Hand of fraud and other cheating types
By MORRIS DALLA COSTA, QMI Agency
There is one act of cheating to which all others have been measured since it happened in the 1986 World Cup.
When tiny Diego Maradona of Argentina extended his fist to reach a ball floating above the hands of English goalkeeper Peter Shilton in Azteca Stadium in Mexico, the gold standard for cheating was set.
Maradona had scored the first goal in the 1986 semifinal against England.
It will take an act of phenomenal nefariousness to surpass that feat. Like everything else in sport, nothing is forever. Will 2010 in South Africa provide us with a more embarrassing moment in the history of the Beautiful Game?
Given the resourcefulness of today's football player, take nothing for granted. Any act of dishonesty in today's game is rewarded with a visit to Maradona’s punch.
The act led to one of the greatest quotes in sports history.
“It was scored a little with the head of Maradona and a little with the hand of God,” Maradona said after the game.
It seemed that every one of the 108,000 in attendance (except the referee) saw what happened, including his teammates.
“I was waiting for my teammates to embrace me, and no one came,” Maradona said. “I told them, ‘Come hug me, or the referee isn't going to allow it.’”
The goal also spawned one of the greatest excuses in refereeing history.
Tunisian Ali Bin Nasser said hemorrhoid cream he was taking affected his eyesight.
Maradona's sleight of hand was the most famous but it is by no means the only overt act of cheating.
France needed a two-game playoff against Ireland to qualify for the 2010 World Cup. They won the first game 1-0 but trailed 1-0 in the second. Extra time looked certain until France's Thierry Henry controlled a ball near the goal line – not once but twice – with his hand. He pushed the ball across to William Gallas, who scored the goal that eventually eliminated Ireland.
The uproar and demand for some sort of game or video replay and punishment was unprecedented.
No replay, video or otherwise followed — and no punishment.
The most-often forgotten handball prevented the United States from a semifinal berth and maybe a spot in the 2002 World Cup final in Korea.
The Americans and Germans were going at it in a quarterfinal game. The Americans were giving the Germans all they could handle and more. But as the game progressed, Germany led 1-0.
From a corner, American midfielder Gregg Berthalter knocked the ball toward the net. It appeared to enter the net but there was no question German Torsten Frings handled the ball to keep it out of the net. Neither goal nor handball was given and the Germans won.
In the late 1990s, Rivaldo was considered one of the best players in the world He went to the 2002 World Cup with Brazil and had a good showing.
But his play was overshadowed by his play-acting.
Brazil met Turkey and, during a stoppage in play, Turkey’s Hakan Unsal kicked a ball back at Rivaldo. The ball accidentally hit Rivaldo's thigh. Rivaldo fell to the ground holding his face. Unsal received a second yellow card from the referee, earning an ejection.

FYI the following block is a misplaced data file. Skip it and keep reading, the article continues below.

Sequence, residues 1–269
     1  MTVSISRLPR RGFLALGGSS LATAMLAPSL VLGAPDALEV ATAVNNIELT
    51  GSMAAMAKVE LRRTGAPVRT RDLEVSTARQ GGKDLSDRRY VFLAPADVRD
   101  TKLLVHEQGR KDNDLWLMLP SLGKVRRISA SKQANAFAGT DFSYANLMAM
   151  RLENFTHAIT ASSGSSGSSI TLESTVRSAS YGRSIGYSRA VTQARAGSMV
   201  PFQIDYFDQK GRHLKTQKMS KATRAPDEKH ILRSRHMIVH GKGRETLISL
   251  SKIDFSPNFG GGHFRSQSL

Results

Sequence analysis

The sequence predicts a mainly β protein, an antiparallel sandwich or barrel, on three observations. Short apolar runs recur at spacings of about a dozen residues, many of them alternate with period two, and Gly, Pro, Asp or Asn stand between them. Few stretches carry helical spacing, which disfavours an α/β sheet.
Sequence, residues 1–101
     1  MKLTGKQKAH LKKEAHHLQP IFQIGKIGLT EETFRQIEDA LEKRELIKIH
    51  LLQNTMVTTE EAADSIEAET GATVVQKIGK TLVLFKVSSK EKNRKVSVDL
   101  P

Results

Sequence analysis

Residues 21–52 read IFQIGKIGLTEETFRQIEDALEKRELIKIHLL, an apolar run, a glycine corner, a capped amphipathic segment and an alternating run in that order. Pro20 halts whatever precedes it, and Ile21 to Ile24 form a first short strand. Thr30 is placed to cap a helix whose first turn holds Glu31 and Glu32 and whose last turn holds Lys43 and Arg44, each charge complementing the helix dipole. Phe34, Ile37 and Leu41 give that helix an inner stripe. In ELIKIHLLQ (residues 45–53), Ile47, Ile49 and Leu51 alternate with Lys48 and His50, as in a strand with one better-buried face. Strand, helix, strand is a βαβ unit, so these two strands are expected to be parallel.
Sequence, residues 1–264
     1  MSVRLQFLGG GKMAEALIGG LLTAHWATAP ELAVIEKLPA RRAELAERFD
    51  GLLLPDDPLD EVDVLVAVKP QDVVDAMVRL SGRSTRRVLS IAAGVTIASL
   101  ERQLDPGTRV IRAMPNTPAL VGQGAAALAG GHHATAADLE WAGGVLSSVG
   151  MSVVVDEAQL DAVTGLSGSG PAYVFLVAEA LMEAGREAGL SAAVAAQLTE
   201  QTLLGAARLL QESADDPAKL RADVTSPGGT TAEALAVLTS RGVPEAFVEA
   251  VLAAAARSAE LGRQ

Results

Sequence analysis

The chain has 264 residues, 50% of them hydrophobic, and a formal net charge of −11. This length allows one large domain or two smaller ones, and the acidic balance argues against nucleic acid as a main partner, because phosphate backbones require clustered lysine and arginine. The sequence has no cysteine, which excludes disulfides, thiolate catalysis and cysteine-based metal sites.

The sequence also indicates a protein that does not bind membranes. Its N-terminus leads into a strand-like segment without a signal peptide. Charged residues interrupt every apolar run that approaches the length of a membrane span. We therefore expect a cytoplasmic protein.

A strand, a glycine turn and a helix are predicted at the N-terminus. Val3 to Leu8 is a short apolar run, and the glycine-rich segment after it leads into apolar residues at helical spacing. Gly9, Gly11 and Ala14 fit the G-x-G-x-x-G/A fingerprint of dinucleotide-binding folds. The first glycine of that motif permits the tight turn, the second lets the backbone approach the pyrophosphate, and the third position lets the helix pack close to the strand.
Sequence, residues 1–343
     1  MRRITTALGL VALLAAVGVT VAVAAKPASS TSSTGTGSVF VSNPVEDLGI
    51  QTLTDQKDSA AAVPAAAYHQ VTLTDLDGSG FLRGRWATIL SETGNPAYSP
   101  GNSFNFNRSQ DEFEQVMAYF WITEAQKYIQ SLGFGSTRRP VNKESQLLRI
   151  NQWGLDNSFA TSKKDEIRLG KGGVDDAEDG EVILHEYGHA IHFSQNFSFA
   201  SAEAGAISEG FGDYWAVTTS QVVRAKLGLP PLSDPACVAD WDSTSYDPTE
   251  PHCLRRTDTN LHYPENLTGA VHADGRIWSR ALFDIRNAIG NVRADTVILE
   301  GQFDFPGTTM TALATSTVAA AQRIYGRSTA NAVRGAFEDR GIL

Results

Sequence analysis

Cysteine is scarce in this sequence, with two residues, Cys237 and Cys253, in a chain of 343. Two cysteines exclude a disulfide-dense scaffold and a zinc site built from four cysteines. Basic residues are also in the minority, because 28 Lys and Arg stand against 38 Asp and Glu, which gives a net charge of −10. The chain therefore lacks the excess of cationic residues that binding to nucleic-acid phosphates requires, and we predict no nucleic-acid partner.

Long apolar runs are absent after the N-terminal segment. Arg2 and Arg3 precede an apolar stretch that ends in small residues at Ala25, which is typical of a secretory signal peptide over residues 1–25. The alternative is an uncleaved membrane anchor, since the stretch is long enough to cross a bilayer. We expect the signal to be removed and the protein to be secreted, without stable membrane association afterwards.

He fell “like someone having a brain hemorrhage,” Unsal said.
Rivaldo was branded a fraud and fined.
There are more than a few incidents involving the Japan/South Korea 2002 World Cup, which was a smorgasbord of cheating and controversy.
There was a theory that the ultimate goal was to ensure South Korea advanced as far as possible.
The Koreans had virtually every decision go their way.
There is one word to describe the work of referee Byron Moreno from Ecuador in the second-round match with Italy and the work of Gamal Al-Ghandour of Egypt in the quarterfinal against Spain . . . shameful.
While the Italy game got more notice (disallowed golden goal, questionable ejection), it was the Spain-South Korea game that was a true embarrassment. Spain had two perfectly good goals disallowed and numerous fictional offside decisions. The most blatant involved a disallowed golden goal because the linesman ruled the ball had gone over the end line even though it was fully in play.
South Korea won the game on penalty kicks.
Algeria is a participant in the 2010 World Cup but they hope their experience is better than how their 1982 trip ended.
Algeria shocked West Germany 2-1 on the opening day of that tournament and then beat Chile in their final match.
West Germany played Austria the following day in Gijon and knew that a 1-0 win for West Germany was enough to qualify both teams.
It's not surprising that was the final score.
There was nothing subtle about what the two teams cooked up.
“We wanted to progress, not play football,” said West German coach Jupp Derwall.
The match became known as The Non-Aggression Pact of Gijon or The Shame of Gijon.
How did the cheats make out?
Maradona's team went on to win the World Cup; Henry's team qualified and got a good draw in the tournament; West Germany went to the final; Rivaldo's Brazil won the World Cup; South Korea went to the semifinal and West Germany went to the final.
Tell that to your mother when she says cheaters never prosper.